What I will worry and enthuse about most in 2020

COLUMN: US politics will be this year’s overriding focus of fascination and main uncertainty factor for the financial markets, says Danske Bank’s investment strategist, Lars Skovgaard Andersen.

While 2019 was a fantastic year for equity markets, it was also a year of tension with plenty of political uncertainty. However, a degree of calm has descended on several issues of late:

Boris Johnson won the election in the UK in December and Britain’s divorce from the EU will very likely be approved. Tough negotiations with the EU still lie ahead, but we have much more clarity now than a few months ago. Meanwhile, the US and China have agreed a partial deal in the trade war, and while a complete settlement of the dispute is still far off, this was an important first step.

But what the heck should we then fret about in 2020? 
Don’t worry, there is still plenty to be concerned about. As well as further developments in the trade war, one political event in particular will be all-dominating in 2020: The US presidential election in November.





Negative impact of key political issue 

I’m really looking forward to watching the drama unfold this election year, I hardly dare think about what controversial political statements may surface along the way, and I am excited to learn what will be the biggest political issues.

Will the healthcare sector again bear the brunt of the onslaught, as in the 2016 election? Back then healthcare suffered terribly during the election campaign, because the candidates were focused on reducing medicine prices (even though nothing much has happened since), and healthcare costs are still a focus area for both parties.

The US has some of the world’s highest healthcare costs, and while medicine only accounts for a minor share of the overall expenses, medicine is an obvious political theme that all Americans can relate to. Political uncertainty is a key reason why we have a neutral weight on the healthcare sector, which otherwise includes many interesting equities.

Keep an eye on Super Tuesday in March 

Another interesting question is how the financial markets will react if Donald Trump’s opponent is one of the Democrats’ – in US terms – very left-wing oriented candidates, Bernie Sanders or Elizabeth Warren? Will Donald Trump then suddenly become the favourite of most investors and analysts, even though they are often outraged at his antics? And what agenda will the Democrats’ candidate have in relation to the trade war with China?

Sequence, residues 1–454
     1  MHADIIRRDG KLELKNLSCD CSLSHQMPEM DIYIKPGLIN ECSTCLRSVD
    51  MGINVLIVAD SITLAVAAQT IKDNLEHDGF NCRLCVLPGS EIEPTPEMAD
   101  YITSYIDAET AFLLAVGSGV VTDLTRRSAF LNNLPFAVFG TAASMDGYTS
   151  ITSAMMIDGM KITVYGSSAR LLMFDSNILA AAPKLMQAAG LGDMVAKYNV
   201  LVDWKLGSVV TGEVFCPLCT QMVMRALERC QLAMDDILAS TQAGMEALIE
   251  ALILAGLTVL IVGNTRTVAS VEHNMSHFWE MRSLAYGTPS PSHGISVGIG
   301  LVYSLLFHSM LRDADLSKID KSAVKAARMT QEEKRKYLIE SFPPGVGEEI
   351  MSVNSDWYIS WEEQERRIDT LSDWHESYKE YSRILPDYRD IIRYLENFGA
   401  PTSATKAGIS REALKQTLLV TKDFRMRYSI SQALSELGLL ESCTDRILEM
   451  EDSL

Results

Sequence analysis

Apart from the election itself, Tuesday 3 March will therefore be the year’s most important day – known as Super Tuesday, it is when a great many US states hold primary elections to select the Democratic Party challenger. Super Tuesday should give us a good indication of who will stand against Donald Trump, if he emerges unscathed from his impeachment trial.

Lars Skovgaard Andersen

Investment strategist, Danske Bank



What the history books say 

A glance in the history books tells us that just 4 out of 23 election years since 1928 have generated a negative return on equities, and all election years have produced a positive return if return was positive in January. As I write, the US S&P500 index is up 3.1% so far this month.However, these are mere statistics and give no guarantee for the future, plus Donald Trump is not a man who normally follows the history books.

We can also see that sitting presidents have more often been elected in election years with falling unemployment and rising consumer and business confidence, and Donald Trump will presumably do his utmost to keep US voters happy and financially secure in 2020. We therefore do not particularly expect any further escalation in the trade war that could hit US jobs and consumers, though with Trump you can never say never. Several times in 2019 we saw that a single tweet from the president on Twitter can be enough to trigger considerable turmoil in the financial markets.

We still expect equity prices to rise 
All in all, US politics will be the source of much political uncertainty, tension and fascination in 2020 – but that does not alter our underlying expectation that investors can expect a reasonable return from equities this year. Under the troubled surface it is essentially economic growth and corporate earnings that are the driving forces, and we still see the necessary potential here. 

This content is not investment advice - you should always speak to an advisor about how a possible investment matches your investment profile before making an investment.